Greetings from Brussels!
This week saw a significant political development here in Brussels for what concerns the future of the Digital Single market (DSM). European Union lawmakers moved to ban online stores’ and services’ use of geo-blocking against EU citizens. The new MEP vote extended the reach of the intended ban, which will now include copyright-protected digital goods such as music, games, software, and books. MEPs in the European Parliament’s Internal Market Committee approved the geo-blocking rules Tuesday, which could open access to music streaming sites and e-book sales across the EU, extending the reach of the European Commission’s initial proposal, potentially setting up a fight with industry groups.
Andrus Ansip, the EC vice-president in charge of digital policies, proposed a softer approach last year that did not change rules on online cross-border access to copyrighted content, but only required e-commerce websites to sell cross-border within the EU. Moreover, it is known that EU member states favor excluding copyright-protected services from the geo-blocking ban. We are still some way off the fullness of the proposed ban becoming reality, as before it can become EU law the European Parliament will need to enter negotiations with the EU member states to reach a deal on the proposal: That’s something which may well prove tricky; there may be trouble ahead.
The proposal, which will apply to e-commerce websites such as Amazon, Zalando, and eBay, as well as to services provided in a specific location like car rental and hotel bookings, aims to forbid online retailers from automatically re-routing customers to their domestic website without their consent. Naturally there is some opposition from multinational sellers, who often tailor their prices for specific regions and countries. Broadly speaking, the intended purpose of the ban is to help European consumers take advantage of better prices for services on websites in other countries that may have previously re-routed consumers to their local version of a given company website. Although conversely, some in industry would argue — particularly in what concerns copyright protected content — that the very opposite might happen in cheaper countries, with increases in prices for services.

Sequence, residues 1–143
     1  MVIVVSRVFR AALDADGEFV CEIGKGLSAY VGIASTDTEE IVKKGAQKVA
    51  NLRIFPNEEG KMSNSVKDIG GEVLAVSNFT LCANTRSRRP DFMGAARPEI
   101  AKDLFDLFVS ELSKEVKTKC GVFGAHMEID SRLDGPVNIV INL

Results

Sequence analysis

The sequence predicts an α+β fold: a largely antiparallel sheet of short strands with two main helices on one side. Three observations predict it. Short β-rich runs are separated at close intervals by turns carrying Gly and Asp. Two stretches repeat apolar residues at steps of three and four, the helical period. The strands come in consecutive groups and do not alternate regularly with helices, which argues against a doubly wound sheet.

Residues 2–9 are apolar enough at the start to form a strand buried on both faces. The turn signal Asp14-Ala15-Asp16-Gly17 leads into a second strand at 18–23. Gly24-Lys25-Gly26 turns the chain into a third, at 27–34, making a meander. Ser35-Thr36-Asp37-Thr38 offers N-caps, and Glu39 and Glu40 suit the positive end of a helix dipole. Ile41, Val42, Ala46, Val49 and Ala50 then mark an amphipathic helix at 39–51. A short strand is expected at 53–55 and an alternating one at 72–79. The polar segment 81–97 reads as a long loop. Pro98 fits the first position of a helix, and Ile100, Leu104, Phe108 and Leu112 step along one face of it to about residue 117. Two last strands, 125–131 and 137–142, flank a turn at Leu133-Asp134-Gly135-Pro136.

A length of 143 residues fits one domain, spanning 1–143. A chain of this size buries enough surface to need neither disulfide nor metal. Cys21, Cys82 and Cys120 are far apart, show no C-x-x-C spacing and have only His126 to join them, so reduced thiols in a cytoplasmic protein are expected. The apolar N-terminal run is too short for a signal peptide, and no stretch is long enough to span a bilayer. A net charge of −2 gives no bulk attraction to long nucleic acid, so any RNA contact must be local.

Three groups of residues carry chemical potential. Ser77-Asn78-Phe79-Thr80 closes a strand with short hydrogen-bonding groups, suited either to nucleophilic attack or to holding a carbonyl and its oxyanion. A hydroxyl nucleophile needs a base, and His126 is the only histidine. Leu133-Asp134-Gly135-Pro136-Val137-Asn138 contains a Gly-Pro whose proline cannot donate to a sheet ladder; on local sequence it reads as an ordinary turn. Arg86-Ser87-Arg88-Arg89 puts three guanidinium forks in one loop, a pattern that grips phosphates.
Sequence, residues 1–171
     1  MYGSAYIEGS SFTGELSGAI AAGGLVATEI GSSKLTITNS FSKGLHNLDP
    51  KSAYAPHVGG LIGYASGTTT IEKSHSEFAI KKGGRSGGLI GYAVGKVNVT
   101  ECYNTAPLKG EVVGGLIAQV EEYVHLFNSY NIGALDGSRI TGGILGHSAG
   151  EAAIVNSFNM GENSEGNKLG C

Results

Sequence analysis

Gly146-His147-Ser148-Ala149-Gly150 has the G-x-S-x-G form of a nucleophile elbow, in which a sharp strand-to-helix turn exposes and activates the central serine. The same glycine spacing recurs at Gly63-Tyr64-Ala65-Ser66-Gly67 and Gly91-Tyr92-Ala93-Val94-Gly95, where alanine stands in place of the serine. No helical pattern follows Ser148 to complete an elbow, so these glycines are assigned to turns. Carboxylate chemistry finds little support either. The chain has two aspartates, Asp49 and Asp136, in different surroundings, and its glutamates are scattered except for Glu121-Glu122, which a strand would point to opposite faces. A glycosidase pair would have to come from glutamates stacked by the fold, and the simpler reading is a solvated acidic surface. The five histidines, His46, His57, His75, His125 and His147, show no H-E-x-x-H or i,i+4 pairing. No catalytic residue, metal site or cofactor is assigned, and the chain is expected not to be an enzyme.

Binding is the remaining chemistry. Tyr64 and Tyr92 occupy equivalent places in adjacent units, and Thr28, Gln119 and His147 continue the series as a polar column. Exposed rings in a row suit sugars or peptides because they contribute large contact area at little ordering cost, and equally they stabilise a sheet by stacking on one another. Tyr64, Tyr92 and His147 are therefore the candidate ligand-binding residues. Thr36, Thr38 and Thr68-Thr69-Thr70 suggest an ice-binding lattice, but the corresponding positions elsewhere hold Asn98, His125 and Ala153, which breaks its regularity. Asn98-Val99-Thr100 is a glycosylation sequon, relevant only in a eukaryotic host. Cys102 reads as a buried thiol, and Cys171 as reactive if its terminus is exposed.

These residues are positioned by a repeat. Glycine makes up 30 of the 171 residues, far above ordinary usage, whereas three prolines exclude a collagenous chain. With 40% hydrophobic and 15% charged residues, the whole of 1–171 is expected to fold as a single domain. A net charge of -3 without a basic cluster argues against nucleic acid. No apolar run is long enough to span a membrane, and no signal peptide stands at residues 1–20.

Notably, audiovisual services (including broadcasts of sports events provided on the basis of exclusive territorial licenses) are not covered by the legislation, nor are financial, transport, or health care services. However, the intention is for the European Commission to assess within three years of the law's entry into force whether they should be covered in the future. The EP committee's vote gives its negotiating team a mandate to start three-way talks (trilogues) with the Council and the Commission, with a view to reaching an agreement on the final law.
Implementing the anti-geo-blocking law has been a priority for the European Commission in its pursuit of an enhanced and seamless single market across Europe. If you’ll recall from previous MD Notes, the anti-geo-blocking stance was one of the EC’s top political objectives of the DSM strategy, so that individuals and businesses can access and exercise online activities “under conditions of fair competition, with a high level of consumer and personal data protection, irrespective of their nationality or place of residence.” And there lies the correlation with the pending GDPR. It seems fairly self-evident that an equal playing field in both data protection and consumer rights will go a long way to supporting and stimulating the digital freedoms intended with this eventual law.
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